The shopping gallery within the hotel was originally 75,000 sq. feet and stretched from the first-sixth floors of the hotel. In 1980, the mall area was renovated and doubled in size. With a retail area of 150,000 square feet, 50 retail shops and featured five levels of retail shopping within enclosed atrium, the gallery was designed with businesspeople and international travelers (many visiting from Japan) in mind. There were many high-end jewelry stores, clothiers, luggage stores and giftshops.

This list is from an undated telephone guide to the shopping gallery. I believe the list to be from shortly after the renovation, around 1980 or 1981.

Galeria Cano
Precolumbian art reproductions
Level 5 – Telephone 625-2939

Louis Newman Galleries
Fine art – painting, sculpture and original graphics
Lovel 2 – Telephone 687-3200

Western art. crafts and gifts
Level 4 – Telephone 620-1733

News, magazines, gifts, etc.
Level 2 – Telephone 620-5732 in hotel dial 75127

Stacey’s Bookstore
Books, books and books
Level 4 – Telephone 687-3208

Bonnie’s Wee Shop
Refreshing, colorful children’s boutique
Level 5 – Telephone 687-3208

Allegra Design
Showing fine graphics, accessories, and décor
Level 3 – Telephone 680-2458

Bonaventure Florist
Flowers, plants and gift items
Level 2 – Telephone 620-0601

FAO Schwartz
Toys and games
Level 4 – Telephone 680-3210

French Kitchen
Cookware, gifts. gadgets, gourmet foods, wine and cheese, packaged wines & spirits
Level 4 – Telephone 629-5280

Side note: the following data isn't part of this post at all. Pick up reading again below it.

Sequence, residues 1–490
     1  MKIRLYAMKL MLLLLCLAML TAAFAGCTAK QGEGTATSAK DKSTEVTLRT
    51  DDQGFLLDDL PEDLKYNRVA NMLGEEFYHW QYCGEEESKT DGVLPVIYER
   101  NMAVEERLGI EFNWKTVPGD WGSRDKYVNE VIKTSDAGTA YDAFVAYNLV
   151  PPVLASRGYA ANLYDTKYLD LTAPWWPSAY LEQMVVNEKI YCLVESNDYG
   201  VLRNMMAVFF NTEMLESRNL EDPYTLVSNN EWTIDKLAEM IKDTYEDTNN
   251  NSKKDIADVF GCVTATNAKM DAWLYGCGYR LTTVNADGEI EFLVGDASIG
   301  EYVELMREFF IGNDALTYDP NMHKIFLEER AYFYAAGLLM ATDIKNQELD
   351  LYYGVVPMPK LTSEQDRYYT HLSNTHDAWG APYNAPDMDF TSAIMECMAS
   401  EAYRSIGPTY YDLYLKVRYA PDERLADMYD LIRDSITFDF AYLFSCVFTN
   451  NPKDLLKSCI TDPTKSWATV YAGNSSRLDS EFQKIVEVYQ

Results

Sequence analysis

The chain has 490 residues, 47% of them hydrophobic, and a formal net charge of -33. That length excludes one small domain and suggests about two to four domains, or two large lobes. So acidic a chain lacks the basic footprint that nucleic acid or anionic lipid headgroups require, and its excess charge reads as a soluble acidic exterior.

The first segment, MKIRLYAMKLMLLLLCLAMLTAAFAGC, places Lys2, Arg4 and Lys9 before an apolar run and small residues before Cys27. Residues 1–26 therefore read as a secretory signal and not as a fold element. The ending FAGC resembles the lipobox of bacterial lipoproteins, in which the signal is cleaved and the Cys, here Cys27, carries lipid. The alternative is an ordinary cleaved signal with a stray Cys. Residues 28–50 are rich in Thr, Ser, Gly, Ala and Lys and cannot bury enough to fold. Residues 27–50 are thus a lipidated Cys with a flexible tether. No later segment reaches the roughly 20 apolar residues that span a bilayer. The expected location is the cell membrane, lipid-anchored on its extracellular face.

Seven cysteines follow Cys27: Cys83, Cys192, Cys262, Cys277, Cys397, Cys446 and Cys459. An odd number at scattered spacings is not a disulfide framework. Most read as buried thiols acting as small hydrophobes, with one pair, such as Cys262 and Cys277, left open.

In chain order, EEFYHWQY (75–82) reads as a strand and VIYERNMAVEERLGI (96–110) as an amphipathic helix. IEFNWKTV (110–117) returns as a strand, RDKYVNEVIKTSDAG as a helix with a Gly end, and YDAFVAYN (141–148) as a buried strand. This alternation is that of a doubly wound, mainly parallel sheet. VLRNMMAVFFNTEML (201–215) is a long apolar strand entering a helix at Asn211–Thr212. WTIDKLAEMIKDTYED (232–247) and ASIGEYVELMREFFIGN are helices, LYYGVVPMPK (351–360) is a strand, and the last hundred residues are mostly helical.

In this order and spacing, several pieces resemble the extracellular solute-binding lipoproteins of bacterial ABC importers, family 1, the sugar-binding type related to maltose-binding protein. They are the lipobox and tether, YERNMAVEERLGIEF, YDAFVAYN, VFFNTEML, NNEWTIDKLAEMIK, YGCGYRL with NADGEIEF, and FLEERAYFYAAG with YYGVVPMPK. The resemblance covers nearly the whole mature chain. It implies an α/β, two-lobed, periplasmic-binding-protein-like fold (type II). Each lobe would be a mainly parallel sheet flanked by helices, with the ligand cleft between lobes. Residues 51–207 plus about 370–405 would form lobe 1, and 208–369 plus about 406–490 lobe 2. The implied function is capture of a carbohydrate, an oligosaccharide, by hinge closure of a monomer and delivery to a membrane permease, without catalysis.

Gifts, greetings cards and souvenirs
Level 4 – Telephone 629-4730

Handbags, jewelry, men’s & women’s accessories
Level 4 – Telephone 620-1733

Sea Boutique
Specimen shells, corals, decorator items, gifts, plants, jewelry
Level 4 – Telephone 628-7644

The Los Angeles Times, September 28, 1980

August Moon
Antique jewelry, embroidery, porcelain, etc.
Level 3 – Telephone 626-4935

Bonaventure Jewelers
Fine jewelry, watches, distinctive giftware
Level 2 – Telephone 687-3767

Gems One
Opals, jade, fine jewelers, gems and gold
Level 4 – Telephone 624-5111

Miseki Jewelry
Fine jewelry, Japanese cultured pearls, and watches
Level 3 – Telephone 680-0060

Quartz Time Center
Watches, clocks, time pieces, repair
Level 5 – Telephone 629-2867

World of Charms
Charms and Fine Jewelry
Level 4 – Telephone 629-3466

Arto’s Suede and Leather
Suede and leather fashions
Level 3 – Telephone 687-0244

Beckel’s Luggage
Fine luggage and leather accessories
Level 2 – Telephone 620-0851

Western Leather Est.
Finest leather apparel, accessories and moccasins
Level 4 – Telephone 629-8118

Arias International Boutique
Men’s and women’s accessories, lingerie and handbags
Level 5 – Telephone 687-4406

C’est Sheri
California fashions for men and women with a European Flair
Level 5 – Telephone 620-0737

European men’s and and ladies apparel, shoes and accessories
Level 5 – Telephone 687-3175

European fashions for men and women
Level 5 – Telephone 485-1735

Personally Yours
Personalizing t-shirts and fashion merchandise
Level 4 – Telephone 629-8118

Super Shirts